The Acquia CLI (acli) command-line tool gained a new app:new:from:drupal7 command which fulfills the task of a formerly closed source tool. It

  • inspects a Drupal 7 site to determine the set of modules it has installed and some fundamentals such as where its public files are stored, whether it uses private files (and where those are stored)
  • uses that set of Drupal 7 modules to look up corresponding recommendations in recommendations.json
  • uses the recommendations it found to generate a composer.json  file for the closest possible Drupal 9 equivalent to the Drupal 7 site it is asked to operate on
  • … including which modules ought to be installed upon installing Drupal. Only modules with vetted migration paths will end up in there, because unvetted migration paths can completely break migrations.

Keeping recommendations up-to-date

Like I said, it was very labor-intensive to get the recommendations to the point they are currently at. Which is also why the recommendations have an extensive CI pipeline:

Acquia Migrate CI pipeline on Drupal.org's GitLab CI.

As you can see, it verifies:

  • JSON schema conformance
  • that every vetted recommendation is installable on PHP 7.4, 8.0 and 8.1
  • same for unvetted recommendations — which installs 2752 Composer packages 😄 (before Composer 2 was out, AM:A had a crazy work-around for this)
  • does and end-to-end test where it utilizes acli app:new:from:drupal7 using the recommendations.json being tested, to generate a Drupal 9 site from a Drupal 7 site and then verifies the AM:A module is working (the AM:A module goes even further: it literally installs Drupal 7 using an old Drush version)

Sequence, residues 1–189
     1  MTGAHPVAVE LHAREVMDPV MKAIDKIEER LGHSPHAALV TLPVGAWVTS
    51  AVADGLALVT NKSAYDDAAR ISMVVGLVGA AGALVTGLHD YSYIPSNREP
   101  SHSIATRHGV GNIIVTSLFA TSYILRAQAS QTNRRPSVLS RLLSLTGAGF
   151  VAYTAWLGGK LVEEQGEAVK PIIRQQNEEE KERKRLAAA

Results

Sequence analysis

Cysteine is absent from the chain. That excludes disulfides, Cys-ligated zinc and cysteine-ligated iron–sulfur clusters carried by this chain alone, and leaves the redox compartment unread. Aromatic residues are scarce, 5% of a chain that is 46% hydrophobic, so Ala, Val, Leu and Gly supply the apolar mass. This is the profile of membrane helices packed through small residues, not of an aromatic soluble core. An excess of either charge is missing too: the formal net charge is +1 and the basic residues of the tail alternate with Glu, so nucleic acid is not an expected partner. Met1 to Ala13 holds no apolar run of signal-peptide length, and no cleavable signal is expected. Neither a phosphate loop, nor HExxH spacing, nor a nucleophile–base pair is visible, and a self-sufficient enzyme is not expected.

• … and it automatically informs us of stale recommendations: if >=1 patch of our contributed upstream patches has been committed and a newer release of that module is available, it'll cause this test to show an exclamation point: a warning, because it probably should be updated (although it's harmless not to do so).

We have documentation for how to update curated recommendations, as well as for how to release and use recommendations. Plus, sample merge requests for each.

What about Drupal 10?

The question everybody's asking: why not update AM:A to target Drupal 10 directly?

Well, it'd involve redoing much (but not all) of the >5,000 hours it took to get to this point. Because most migration paths do not have explicit test coverage, and they were written during the PHP 7 era. Drupal 10 requires PHP 8.1, and PHP 8 contains breaking changes.

This is why for now, we recommend to first migrate to Drupal 9 (with or without AM:A) and then update from Drupal 9 to 10.

But … if there is enough interest, I will create a recommendations-10 branch where we can gradually grow a new set of recommendations for Drupal 10 — chime in on the proposed plan if you're interested, I'm looking forward to supporting you! 🤝 😄